How Telecommuting Works

Telecommuting Tips

Workers who telecommute find themselves juggling between home and work commitments.
Workers who telecommute find themselves juggling between home and work commitments.
© Photographer: Monika Adamczyk | Agency: Dreamstime

If telecommuting seems like a fit for you there are certain things you can do to make working at home work for you.

First, if your company doesn't offer a telecommuting option, you might be able to convince it to try one by writing a formal proposal. The proposal should include a list of companies that offer their workers a telecommuting option. Listing those companies that also operate in your business sector can show it applies. The proposal also can include information from organizations such as the International Telework Association and Council and American Telecommuting Association. Finally, you can list the productivity improvements and projected cost savings to the company that telecommuting can provide to the company's bottom line.

Second, be flexible. Some companies might be hesitant to allow workers to spend 100 percent of their time away from the office. Expect them to require you to come in sometimes. Some companies might require this at least once a week or a couple times per month. Others might want you in as needed. Others also might require you to live within a certain distance of an office.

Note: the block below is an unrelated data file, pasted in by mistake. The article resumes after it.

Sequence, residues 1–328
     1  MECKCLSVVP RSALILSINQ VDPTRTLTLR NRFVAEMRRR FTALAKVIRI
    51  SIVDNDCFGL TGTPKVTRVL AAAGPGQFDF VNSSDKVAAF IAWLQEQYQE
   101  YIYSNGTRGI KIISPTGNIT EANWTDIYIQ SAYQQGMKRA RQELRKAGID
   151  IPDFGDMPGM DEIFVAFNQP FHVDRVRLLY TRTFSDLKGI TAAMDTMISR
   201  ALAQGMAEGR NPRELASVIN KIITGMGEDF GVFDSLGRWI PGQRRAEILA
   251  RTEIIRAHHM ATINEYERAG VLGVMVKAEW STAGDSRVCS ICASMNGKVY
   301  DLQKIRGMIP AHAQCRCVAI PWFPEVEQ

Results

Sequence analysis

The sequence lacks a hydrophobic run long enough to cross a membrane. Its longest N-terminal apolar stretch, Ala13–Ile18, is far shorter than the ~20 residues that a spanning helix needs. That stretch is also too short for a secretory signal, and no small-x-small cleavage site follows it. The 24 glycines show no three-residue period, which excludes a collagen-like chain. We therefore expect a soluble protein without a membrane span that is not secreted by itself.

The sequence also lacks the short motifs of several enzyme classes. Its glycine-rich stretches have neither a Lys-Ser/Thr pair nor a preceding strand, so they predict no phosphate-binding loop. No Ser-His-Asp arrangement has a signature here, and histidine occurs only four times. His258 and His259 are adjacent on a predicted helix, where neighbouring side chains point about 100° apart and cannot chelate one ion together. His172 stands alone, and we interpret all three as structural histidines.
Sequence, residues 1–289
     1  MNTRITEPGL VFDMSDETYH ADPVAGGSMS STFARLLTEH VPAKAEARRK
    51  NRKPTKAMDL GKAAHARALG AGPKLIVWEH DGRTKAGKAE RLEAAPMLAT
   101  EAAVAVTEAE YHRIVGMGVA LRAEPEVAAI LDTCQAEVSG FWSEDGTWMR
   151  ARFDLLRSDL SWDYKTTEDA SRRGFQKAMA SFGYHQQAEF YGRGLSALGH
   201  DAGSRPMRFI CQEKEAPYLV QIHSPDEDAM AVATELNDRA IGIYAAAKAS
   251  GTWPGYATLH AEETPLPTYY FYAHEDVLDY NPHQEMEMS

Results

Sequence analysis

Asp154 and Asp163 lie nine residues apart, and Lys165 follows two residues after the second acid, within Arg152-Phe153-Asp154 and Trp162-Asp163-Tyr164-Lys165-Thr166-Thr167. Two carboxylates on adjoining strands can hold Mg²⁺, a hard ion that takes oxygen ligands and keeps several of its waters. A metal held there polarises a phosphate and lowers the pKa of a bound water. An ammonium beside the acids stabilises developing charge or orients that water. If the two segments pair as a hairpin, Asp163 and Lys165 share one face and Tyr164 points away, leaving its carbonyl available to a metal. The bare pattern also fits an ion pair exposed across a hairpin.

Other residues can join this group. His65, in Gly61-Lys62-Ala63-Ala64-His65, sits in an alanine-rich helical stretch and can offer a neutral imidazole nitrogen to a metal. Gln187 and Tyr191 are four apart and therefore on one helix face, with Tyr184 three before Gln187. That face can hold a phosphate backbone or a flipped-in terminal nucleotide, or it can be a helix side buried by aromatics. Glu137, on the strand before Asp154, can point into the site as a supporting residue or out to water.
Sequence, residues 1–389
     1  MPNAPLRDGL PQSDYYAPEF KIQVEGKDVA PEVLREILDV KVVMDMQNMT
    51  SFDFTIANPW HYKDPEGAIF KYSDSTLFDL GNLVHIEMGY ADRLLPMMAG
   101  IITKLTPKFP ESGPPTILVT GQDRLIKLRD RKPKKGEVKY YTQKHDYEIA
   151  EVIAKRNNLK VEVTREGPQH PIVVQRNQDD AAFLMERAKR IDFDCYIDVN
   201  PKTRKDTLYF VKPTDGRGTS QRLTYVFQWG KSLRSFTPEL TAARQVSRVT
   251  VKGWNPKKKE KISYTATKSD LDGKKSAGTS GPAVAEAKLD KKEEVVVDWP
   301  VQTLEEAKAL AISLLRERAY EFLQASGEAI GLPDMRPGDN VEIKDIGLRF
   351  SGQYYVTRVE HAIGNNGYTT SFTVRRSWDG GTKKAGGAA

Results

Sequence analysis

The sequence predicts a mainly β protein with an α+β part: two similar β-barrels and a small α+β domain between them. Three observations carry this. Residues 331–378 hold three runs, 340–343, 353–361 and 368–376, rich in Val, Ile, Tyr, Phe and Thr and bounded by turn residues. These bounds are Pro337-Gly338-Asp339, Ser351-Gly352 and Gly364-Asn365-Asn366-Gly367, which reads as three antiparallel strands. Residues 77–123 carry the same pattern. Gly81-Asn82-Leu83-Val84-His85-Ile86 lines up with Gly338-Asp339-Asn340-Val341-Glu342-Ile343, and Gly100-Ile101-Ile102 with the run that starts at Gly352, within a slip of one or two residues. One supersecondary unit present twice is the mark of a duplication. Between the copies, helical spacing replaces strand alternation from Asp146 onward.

Coming into the office, at least sometimes, is usually a good thing anyway. A 2007 study in the Journal of Applied Psychology showed working alongside others has a positive effect on workers by maintaining a sense of teamwork and cohesion [source: Hartford Business].

Even though you're staying home to work, you should still stick to a routine. Doing so helps you maintain the mindset of going to work. Start and stop work at the same times as you normally would and take breaks accordingly. Telecommuting has the potential for both improving and worsening your performance. Discipline is essential.

Also, keep a log of what you accomplish working at home. It may come in handy if your company becomes skeptical of your productivity as a telecommuter. Send your boss progress reports and make it easy for him or her to find you and communicate. Call in, send e-mails or text messages. Let them know you're engaged and on the job.

At the same time, don't fall into the trap of feeling like you have to work constantly because you work at home. Set work hours and stick to them.

Finally, beware of Internet scams offering a chance to work at home. While there are certainly legitimate offers of this variety, a few warning signs to watch for include those that ask you to pay up front, are hosted on a free site or you have difficulty in determining the nature of the work from solicitation.

Writer, data manager or accountant -- which careers allow you to work from home? Find out on the next page.